US investors cheered a decent employment report, ignoring any fears that the Fed may begin to reduce QE sooner rather than later. After what was a very disappointing start to December, US equities managed to claw their way back to flat for the month. Other regions fared much worse with Europe down over 3% and Japan down over 2%.
Yesterday's employment report pretty much hit all the right notes. Employment growth, as measured by both the establishment survey and Household survey, was better than expected. Average hourly earnings and average hours worked were in line and the unemployment rate declined to 7%. Even the participation rate, one of the real blemishes on the employment front this year, showed a modest improvement. Overall a very decent report.
In separate data, personal income growth was disappointing, falling 0.1% month on month although the falling incomes did not prevent personal spending rise 0.3%. It would appear that the personal savings rate is falling to even lower levels, and although we view this as a medium term negative, households themselves would seem to disagree as consumer sentiment rose substantially more than expected as measured by the University of Michigan consumer confidence index. To round things out nicely, the Fed's preferred measure of inflation came in at 1.1% year on year.
The data this week show satisfactory jobs growth, good housing growth, low inflation and rising consumer confidence. The consensus view is that, although Fed tapering may be not far away, it is not imminent and there will always be something (such as core PCE inflation at only 1.1%) that will encourage the Fed to keep printing. Hence, the initial reaction to the jobs report in equities was up, up and away!
As noted above, non-US equity markets did not start the month in such benign fashion. The European data (excluding Germany) continues to show signs of stagnation and the ECB are simply not yet ready to "do whatever it takes" to try and reach escape velocity. After a very decent performance in recent months, European equities gave back two months worth of gains in 3 days. The technical damage suffered in this week's decline indicates to us that the upside is at least capped in the near term. In Japan, we view the currency as the most important driver of returns. So long as the Yen is weakening the Japanese equity market should make upside progress.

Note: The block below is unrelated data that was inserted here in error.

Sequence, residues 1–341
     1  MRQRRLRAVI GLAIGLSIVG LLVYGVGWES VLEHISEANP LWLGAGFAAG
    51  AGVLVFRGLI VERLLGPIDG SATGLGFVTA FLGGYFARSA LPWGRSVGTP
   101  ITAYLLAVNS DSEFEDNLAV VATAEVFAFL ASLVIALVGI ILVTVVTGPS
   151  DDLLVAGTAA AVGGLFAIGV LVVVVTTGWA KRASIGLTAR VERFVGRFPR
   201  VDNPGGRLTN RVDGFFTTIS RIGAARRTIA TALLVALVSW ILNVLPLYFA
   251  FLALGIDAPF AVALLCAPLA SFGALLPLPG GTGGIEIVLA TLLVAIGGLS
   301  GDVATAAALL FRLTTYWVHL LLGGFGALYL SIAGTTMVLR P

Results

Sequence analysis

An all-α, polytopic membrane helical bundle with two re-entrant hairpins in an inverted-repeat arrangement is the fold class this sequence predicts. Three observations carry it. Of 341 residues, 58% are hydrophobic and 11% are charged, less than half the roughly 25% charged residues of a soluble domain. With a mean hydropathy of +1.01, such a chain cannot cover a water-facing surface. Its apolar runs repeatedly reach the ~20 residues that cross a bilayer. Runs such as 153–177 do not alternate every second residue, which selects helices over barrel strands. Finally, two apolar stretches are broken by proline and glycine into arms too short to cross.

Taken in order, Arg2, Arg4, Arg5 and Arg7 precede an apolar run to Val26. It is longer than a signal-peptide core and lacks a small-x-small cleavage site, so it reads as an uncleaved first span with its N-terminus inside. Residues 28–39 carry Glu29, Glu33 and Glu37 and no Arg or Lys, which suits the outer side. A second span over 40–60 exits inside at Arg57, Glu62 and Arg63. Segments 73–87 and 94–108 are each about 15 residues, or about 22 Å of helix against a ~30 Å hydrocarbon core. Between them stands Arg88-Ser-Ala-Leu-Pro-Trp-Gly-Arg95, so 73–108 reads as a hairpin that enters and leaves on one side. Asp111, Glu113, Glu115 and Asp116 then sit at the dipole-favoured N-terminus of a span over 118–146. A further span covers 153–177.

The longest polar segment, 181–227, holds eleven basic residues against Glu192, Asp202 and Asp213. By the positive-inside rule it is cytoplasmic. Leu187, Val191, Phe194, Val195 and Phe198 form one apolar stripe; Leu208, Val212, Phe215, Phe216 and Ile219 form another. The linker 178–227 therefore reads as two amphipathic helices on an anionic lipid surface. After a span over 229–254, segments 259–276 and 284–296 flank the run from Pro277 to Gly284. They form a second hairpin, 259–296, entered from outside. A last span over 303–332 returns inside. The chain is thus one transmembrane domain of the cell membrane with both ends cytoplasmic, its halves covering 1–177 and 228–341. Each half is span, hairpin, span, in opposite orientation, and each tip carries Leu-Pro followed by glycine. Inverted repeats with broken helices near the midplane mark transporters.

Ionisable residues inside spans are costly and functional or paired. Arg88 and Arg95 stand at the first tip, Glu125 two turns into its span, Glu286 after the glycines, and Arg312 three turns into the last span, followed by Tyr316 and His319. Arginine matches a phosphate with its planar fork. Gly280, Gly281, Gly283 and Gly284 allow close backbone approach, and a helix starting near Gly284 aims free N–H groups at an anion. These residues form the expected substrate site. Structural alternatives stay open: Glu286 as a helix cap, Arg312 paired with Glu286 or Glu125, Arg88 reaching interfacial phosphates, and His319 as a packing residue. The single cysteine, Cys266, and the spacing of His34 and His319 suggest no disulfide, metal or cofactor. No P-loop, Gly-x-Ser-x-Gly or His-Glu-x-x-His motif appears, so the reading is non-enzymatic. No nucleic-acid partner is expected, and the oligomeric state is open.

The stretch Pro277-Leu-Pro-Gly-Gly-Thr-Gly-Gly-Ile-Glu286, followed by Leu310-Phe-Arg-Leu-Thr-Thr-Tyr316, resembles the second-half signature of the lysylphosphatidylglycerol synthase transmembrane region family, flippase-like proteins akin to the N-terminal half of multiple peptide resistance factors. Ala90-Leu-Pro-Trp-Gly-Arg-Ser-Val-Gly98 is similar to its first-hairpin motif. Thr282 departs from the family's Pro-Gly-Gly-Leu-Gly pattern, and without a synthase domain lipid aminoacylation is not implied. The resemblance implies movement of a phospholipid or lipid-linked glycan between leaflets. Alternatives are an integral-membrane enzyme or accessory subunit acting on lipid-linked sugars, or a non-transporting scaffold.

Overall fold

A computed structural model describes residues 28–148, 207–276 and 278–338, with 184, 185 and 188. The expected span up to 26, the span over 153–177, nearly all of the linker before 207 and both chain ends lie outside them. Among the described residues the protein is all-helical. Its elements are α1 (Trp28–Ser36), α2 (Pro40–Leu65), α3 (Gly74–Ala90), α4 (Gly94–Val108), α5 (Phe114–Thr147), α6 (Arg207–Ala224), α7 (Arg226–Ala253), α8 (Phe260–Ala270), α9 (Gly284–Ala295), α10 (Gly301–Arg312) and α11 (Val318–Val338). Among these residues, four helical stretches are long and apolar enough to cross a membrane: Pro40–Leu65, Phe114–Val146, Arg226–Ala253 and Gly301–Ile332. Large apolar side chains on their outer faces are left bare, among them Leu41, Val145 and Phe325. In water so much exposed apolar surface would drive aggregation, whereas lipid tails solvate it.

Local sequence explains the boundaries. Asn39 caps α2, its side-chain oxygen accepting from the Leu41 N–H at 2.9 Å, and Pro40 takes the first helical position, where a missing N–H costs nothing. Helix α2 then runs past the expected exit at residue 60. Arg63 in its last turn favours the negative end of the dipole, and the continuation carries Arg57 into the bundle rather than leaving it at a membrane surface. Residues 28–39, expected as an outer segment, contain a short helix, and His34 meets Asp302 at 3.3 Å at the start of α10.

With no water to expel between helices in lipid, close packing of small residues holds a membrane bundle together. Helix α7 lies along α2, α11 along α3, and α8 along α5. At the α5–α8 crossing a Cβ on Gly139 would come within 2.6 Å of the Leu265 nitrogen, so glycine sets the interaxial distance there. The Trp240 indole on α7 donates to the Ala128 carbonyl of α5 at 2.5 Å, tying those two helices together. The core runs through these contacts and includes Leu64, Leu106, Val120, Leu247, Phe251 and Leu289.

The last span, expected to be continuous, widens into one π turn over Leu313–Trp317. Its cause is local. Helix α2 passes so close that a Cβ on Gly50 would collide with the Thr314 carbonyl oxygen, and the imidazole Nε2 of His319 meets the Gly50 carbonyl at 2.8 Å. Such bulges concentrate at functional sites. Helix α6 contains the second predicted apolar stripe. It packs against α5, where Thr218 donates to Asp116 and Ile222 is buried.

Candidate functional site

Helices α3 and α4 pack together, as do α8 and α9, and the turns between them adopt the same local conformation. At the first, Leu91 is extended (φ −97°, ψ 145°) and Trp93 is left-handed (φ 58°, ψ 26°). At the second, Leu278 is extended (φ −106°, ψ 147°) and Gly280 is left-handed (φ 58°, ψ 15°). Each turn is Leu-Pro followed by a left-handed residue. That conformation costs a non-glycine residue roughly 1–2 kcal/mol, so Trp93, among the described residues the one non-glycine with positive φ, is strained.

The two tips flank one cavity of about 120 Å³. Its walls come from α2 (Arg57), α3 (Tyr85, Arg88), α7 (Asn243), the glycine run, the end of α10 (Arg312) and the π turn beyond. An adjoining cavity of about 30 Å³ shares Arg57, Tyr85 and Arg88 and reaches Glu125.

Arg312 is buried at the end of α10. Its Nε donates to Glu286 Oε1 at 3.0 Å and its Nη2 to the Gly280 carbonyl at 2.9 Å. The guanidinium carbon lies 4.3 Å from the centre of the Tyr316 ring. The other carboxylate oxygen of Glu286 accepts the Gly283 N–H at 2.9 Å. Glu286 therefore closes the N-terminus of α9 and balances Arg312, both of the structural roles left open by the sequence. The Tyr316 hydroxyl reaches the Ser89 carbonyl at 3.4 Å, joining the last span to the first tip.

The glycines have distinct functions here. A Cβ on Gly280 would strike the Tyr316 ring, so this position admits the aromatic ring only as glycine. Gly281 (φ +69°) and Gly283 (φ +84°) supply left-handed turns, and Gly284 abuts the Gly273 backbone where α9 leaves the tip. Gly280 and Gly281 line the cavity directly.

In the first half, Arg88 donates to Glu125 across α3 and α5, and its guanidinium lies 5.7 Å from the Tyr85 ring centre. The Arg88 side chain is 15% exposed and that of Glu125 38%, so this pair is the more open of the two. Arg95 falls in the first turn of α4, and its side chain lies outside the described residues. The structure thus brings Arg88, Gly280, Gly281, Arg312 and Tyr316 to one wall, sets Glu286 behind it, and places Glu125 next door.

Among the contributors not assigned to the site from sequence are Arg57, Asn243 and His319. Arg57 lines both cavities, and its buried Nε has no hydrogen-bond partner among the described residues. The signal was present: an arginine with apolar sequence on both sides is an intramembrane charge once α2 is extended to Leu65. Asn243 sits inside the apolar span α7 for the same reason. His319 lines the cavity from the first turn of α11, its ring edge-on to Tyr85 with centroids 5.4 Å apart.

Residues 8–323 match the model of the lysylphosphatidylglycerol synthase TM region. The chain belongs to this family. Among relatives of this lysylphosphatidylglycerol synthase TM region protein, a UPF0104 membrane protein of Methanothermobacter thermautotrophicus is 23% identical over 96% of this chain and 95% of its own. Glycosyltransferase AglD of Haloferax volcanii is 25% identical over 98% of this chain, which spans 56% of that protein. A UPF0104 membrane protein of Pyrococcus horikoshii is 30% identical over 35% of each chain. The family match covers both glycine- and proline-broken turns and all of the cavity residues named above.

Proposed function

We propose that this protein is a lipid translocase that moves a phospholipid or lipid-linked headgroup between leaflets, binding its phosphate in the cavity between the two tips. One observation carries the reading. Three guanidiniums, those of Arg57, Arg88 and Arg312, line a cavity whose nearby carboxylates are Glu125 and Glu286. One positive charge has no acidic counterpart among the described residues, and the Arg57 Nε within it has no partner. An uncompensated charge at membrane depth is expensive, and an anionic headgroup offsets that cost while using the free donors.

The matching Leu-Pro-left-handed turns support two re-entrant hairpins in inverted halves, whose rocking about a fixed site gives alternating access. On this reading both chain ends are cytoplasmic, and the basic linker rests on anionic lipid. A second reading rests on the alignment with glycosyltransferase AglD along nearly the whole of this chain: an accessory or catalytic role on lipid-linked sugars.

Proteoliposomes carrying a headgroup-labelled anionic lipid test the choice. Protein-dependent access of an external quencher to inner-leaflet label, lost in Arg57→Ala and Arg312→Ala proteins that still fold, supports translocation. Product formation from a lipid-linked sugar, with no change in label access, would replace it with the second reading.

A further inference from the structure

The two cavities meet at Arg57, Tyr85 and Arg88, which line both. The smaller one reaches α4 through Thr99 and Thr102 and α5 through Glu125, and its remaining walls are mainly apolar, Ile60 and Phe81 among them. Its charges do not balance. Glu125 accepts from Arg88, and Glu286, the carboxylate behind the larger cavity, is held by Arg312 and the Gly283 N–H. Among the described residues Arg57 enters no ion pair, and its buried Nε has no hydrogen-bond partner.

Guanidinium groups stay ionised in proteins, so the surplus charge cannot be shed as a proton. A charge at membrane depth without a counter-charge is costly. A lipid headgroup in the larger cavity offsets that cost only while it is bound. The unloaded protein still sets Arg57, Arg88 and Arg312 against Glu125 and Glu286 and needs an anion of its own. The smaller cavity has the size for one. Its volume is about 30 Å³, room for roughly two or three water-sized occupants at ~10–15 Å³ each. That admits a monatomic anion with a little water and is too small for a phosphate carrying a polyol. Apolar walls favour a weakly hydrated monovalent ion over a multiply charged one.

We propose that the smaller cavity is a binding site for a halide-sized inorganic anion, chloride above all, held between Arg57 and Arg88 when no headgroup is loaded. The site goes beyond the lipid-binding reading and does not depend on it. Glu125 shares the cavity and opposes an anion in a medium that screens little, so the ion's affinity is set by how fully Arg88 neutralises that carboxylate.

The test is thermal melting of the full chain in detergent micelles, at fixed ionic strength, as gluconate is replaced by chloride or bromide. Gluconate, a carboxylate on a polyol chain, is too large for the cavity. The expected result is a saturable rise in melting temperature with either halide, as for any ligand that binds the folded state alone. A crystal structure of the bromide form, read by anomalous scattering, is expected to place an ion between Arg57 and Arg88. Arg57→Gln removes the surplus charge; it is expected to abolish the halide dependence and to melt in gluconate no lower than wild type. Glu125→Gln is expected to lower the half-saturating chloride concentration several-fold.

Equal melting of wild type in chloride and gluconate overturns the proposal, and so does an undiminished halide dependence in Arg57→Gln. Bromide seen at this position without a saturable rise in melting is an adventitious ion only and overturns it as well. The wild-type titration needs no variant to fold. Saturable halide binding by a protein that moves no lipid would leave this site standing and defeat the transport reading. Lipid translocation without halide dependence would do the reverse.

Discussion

The first chart below shows the S&P 500 for the past few months. The pullback of the last few days has been relatively mild and has held at the midline of the moving average envelope (the blue lines) we have placed on the chart. We would note that the S&P is basically flat so far in December in what has been a tricky few days for most assets. We view this relatively mild pullback as evidence that the US has been and likely will continue to be the global leader in the equity space, at least in the short term. This view is dependent on the magical fairy dust (quantitative easing) continuing to do its job!
The next chart shows the Eurostoxx 50 index. The index is down 3.4% this past week and as noted above, two months of gains were wiped out in three days. Having decisively broken short term support, and with the market appearing to roll over we believe that the technical structure of European equities is weakening. If any upcoming rally fails below the recent high, then we will downgrade our technical view to bearish.
So after an action packed week of big data and central bank meetings, most equity markets ended the first week of December lower, with the US being the exception. European equities suffered some real technical damage and we would note that emerging markets continue to underperform as does the FTSE100. Our fundamental view remains that US equity markets are the most expensive in the World but the technical structure of the market remains positive purely because of QE. A similar technical argument can be made in Japan whereas Europe has no QE and now looks technically challenged.
Overall, it makes sense to us to be short term bullish on the US and Japan into the year end, recognising that the technical structure could change at any time.